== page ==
Lateral Knee Pain Part 1 – What is Iliotibial Band (ITB) Syndrome?


  • An overuse injury characterized by pain on the outside part of the knee
  • Pain can be experienced during activity or at rest with the knee bent
  • Common in runners but also seen in hikers and cyclists
  • Pathology
    • Some debate over ‘friction’ and exact pathology
    • Likely some inflammation/irritation of connective tissue on the outside of the knee
  • Anatomy
    • ITB attached to gluteus max and tensor fascia latae (TFL), runs along the length of the femur and attaches to the lateral condyle of the tibia
    • Contributes to lateral knee stability
    • *Very unlikely to be able to stretch it*
    • May behave like a tendon in storing and releasing energy
    • Potential most vulnerable range is 30-40 degrees of knee flexion when ITB may cross lateral femoral condyle

Unmodifiable Intrinsic Risk Factors

  • Age
  • Gender – although yet to be proven it is thought females have a higher likelihood of developing ITBS due to anatomical differences
  • Genu varum (Bow leggedness)
  • May overlap with anterior knee pain/patella femoral pain syndrome

Modifiable Intrinsic Risk Factors (*Best evaluated by a Physiotherapist*)

  • Reduced control of hip adduction/internal rotation
  • Reduced glute med strength
  • Biomechanical abnormalities – foot alignment/pronation
  • Weight (Increased BMI)
  • Muscle imbalance and inflexibility
  • Leg length discrepancy (LLD)
    • A true LLD can be modified with appropriate foot lift orthotic
    • A functional LLD can be modified with better muscular control and/or orthotics if necessary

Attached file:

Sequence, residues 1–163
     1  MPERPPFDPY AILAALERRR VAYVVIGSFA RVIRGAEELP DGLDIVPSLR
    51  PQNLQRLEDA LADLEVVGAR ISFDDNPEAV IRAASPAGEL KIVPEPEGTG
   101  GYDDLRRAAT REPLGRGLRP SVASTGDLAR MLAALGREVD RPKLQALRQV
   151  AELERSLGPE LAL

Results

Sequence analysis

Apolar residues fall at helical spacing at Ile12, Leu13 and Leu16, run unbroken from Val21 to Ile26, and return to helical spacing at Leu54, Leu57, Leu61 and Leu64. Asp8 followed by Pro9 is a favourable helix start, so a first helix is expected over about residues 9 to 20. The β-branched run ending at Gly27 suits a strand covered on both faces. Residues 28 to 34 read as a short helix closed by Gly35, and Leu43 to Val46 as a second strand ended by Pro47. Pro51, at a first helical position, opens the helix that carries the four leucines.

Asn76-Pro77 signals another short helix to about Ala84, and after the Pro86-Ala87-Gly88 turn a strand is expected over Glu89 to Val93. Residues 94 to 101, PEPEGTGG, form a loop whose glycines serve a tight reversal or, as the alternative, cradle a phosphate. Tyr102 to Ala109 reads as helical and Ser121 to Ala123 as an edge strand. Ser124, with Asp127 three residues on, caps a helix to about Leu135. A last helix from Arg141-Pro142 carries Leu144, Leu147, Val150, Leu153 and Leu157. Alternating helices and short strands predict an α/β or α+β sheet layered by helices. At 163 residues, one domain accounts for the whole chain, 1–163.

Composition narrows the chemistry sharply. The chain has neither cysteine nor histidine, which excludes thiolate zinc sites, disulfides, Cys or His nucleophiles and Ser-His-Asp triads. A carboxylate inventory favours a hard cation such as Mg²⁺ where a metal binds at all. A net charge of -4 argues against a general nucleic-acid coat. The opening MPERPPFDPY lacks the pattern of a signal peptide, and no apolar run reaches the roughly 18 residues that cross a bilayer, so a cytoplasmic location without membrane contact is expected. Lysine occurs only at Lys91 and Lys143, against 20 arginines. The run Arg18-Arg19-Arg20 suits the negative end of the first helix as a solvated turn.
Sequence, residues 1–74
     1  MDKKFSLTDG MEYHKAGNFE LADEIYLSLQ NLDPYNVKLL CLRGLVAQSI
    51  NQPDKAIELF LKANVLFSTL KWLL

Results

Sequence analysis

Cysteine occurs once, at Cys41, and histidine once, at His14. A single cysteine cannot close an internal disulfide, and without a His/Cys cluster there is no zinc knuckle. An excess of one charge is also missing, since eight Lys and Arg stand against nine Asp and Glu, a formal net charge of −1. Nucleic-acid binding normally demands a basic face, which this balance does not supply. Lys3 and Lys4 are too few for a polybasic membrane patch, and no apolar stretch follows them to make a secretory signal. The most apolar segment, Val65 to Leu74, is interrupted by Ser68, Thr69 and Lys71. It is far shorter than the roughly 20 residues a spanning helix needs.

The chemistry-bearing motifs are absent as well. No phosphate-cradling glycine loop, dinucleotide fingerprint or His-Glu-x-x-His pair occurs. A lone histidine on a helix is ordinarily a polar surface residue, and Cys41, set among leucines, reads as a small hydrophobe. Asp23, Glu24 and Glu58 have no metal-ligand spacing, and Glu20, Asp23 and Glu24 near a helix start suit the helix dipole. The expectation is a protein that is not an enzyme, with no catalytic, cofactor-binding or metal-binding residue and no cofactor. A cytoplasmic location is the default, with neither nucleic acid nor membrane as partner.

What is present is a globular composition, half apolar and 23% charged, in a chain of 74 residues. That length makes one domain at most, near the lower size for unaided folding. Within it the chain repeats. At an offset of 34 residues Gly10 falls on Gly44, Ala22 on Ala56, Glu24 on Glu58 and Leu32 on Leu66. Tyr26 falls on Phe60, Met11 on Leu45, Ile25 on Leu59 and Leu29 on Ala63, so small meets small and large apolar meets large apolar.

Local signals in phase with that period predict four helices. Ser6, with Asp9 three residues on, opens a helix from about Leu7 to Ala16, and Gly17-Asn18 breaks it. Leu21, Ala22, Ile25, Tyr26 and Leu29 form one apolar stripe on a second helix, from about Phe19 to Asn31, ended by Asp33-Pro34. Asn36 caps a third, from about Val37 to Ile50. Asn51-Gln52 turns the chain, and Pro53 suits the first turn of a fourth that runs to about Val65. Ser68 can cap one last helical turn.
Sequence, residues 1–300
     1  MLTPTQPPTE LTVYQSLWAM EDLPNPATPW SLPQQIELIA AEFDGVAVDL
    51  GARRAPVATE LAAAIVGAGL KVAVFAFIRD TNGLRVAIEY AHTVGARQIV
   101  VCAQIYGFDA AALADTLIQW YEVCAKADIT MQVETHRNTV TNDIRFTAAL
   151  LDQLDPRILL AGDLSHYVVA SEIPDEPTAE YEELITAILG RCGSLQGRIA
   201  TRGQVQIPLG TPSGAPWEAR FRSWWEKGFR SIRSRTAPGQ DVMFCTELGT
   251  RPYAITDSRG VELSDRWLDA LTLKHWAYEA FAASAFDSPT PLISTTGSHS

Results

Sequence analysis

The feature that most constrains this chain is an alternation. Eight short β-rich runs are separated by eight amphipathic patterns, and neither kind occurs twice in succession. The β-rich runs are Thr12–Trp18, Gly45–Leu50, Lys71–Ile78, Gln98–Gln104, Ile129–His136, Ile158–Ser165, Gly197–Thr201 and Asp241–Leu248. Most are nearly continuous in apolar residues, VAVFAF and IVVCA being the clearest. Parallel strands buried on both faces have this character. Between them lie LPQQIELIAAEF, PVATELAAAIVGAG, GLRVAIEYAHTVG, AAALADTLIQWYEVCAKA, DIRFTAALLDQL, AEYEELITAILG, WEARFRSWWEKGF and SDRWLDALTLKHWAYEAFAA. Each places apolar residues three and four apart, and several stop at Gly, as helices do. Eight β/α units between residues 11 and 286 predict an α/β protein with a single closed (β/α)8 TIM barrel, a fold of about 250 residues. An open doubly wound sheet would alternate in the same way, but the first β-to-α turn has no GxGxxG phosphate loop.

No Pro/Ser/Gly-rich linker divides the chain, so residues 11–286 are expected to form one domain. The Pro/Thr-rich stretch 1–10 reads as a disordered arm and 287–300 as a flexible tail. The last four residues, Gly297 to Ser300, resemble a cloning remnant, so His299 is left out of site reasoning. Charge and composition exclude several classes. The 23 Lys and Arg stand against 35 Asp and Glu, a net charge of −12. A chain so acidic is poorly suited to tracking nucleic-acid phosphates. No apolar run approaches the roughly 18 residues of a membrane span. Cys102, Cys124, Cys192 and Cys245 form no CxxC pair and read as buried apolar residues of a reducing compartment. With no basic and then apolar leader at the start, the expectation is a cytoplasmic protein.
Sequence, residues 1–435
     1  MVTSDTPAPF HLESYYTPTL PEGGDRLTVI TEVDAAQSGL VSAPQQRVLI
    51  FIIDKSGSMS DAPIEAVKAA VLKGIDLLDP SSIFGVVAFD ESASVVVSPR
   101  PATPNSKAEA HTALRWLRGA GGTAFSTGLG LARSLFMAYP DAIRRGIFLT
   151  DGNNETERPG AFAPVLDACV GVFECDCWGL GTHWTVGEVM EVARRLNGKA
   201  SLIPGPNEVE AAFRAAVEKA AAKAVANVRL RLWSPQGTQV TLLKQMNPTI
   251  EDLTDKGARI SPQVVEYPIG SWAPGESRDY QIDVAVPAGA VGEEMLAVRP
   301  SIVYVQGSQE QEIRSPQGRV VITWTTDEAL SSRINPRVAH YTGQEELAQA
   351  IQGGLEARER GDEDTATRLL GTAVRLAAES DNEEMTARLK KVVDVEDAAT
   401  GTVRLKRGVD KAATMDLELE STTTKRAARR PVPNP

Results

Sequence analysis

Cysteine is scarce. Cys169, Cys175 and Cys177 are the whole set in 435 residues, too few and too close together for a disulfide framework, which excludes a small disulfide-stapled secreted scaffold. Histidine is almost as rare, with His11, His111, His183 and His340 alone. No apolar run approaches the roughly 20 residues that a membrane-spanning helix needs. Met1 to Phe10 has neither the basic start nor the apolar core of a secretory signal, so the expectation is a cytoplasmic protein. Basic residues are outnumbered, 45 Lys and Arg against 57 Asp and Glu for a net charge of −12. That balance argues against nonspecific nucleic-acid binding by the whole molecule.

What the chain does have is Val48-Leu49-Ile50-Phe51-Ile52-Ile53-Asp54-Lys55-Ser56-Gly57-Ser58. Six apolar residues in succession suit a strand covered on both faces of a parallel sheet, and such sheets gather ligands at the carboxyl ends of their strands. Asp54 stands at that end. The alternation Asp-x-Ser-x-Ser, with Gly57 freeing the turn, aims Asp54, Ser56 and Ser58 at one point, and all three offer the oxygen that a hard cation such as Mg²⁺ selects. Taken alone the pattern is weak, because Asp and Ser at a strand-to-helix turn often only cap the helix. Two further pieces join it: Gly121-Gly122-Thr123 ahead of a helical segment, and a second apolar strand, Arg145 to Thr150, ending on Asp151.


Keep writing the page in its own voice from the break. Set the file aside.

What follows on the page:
Extrinsic Risk Factors (*Best evaluated by an MPT Physiotherapist*)

  • Change in loading
    • Return to running or activity after a break
  • Training errors
    • Change in training type (i.e. increased downhills for runners and hikers)
    • Increase in training volume/intensity too quickly
    • Change in training duration
    • Increase in training frequency
    • Change in weekly distance
  • Running style
    • Narrow step width
    • Slower cadence
  •  Footwear – if not supportive enough to prevent over pronation

Treatment…To Be Continued.

***Book with MPT today to start your 1 on 1 individually tailored rehab program to get you back to what you love!***


Brindle, R. A. (2018). Physiological and Biomechanical Factors Contributing to the Hip Adduction Angle in Female Runners (Doctoral dissertation, Drexel University).

Fairclough, J., Hayashi, K., Toumi, H., Lyons, K., Bydder, G., Phillips, N., … & Benjamin, M. (2007). Is iliotibial band syndrome really a friction syndrome?. Journal of Science and Medicine in Sport10(2), 74-76.

Fredericson, M., & Wolf, C. (2005). Iliotibial band syndrome in runners. Sports Medicine35(5), 451-459.

Fredericson, M., Cookingham, C. L., Chaudhari, A. M., Dowdell, B. C., Oestreicher, N., & Sahrmann, S. A. (2000). Hip abductor weakness in distance runners with iliotibial band syndrome. Clinical Journal of Sport Medicine10(3), 169-175.

Tiu, T., & Craig Van Dien, M. D. Knee overuse disorders.

Meardon, S., & Miller, R. H. A new approach to iliotibial band syndrome in runners.

Meardon, S. A., Campbell, S., & Derrick, T. R. (2012). Step width alters iliotibial band strain during running. Sports biomechanics11(4), 464-472.

Miller, R. H., Lowry, J. L., Meardon, S. A., & Gillette, J. C. (2007). Lower extremity mechanics of iliotibial band syndrome during an exhaustive run. Gait & posture26(3), 407-413.

Nielsen, R. O., Nohr, E. A., Rasmussen, S., & Sørensen, H. (2013). Classifying running‐related injuries based upon etiology, with emphasis on volume and pace. International journal of sports physical therapy8(2), 172.